Dietary Fatty Acids, PPAR Activated Genes and Coronary Heart Disease in Costa Rica
Coronary heart disease (CHD) is the major cause of death in most industrialized and developing countries. Links between genetic and dietary factors that modify the risk of CHD should give fundamental insight into its causes and improve population-based CHP prevention strategies. This study proposes to identify genes that modulate the association between dietary fatty acids (FAs) and myocardial infarction (MI). The study will use DNA samples obtained during a population-based, case-control study in Costa Rica of 2,150 subjects who experienced MI and 2,150 matched controls. The study will use gene-diet association studies and a candidate pathway approach to elucidate genetic mechanisms that link risk of MI with exposure to polyunsaturated FAs. The study will focus on peroxisome proliferator-activated receptor (PPAR) genes, and PPAR-regulated genes that are involved in vascular inflammation. Among controls, the study will examine whether genetic and dietary factors independently affect biochemical markers (phenotypes) of the proposed genes, and whether these phenotypes are more clearly identified when genetic and dietary factors are examined together.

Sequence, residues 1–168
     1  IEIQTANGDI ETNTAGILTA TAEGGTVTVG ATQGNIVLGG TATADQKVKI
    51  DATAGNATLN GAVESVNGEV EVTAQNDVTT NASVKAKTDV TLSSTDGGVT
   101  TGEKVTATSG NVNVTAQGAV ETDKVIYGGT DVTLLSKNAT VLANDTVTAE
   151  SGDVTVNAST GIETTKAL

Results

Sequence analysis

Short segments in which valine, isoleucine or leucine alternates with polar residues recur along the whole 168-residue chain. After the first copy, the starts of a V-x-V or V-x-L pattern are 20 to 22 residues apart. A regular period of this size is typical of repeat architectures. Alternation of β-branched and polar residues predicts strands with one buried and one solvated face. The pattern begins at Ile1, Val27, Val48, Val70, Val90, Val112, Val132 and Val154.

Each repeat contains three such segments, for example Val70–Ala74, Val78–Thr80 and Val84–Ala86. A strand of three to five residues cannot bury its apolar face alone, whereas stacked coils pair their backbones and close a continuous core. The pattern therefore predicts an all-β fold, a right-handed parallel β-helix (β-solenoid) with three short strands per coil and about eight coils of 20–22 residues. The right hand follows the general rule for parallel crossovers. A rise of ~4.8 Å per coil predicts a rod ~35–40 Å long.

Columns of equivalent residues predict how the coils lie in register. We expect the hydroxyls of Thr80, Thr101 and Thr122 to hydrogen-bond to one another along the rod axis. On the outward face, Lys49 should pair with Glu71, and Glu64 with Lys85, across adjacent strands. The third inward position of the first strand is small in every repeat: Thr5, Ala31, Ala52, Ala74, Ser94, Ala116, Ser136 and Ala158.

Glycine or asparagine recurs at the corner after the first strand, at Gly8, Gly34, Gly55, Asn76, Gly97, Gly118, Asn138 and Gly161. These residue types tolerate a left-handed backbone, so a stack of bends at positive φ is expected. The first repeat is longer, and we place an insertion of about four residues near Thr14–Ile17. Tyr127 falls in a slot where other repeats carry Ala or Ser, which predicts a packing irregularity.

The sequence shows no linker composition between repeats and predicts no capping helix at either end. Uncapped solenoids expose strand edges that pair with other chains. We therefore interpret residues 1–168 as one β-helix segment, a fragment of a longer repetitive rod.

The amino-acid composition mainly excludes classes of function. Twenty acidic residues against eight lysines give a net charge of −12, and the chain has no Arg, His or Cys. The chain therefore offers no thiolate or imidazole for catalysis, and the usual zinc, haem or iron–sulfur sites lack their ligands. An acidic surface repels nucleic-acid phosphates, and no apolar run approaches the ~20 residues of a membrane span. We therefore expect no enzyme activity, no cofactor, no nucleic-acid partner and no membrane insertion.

Participating Harvard faculty: Hannia Campos, Senior Lecturer on Nutrition, Harvard School of Public Health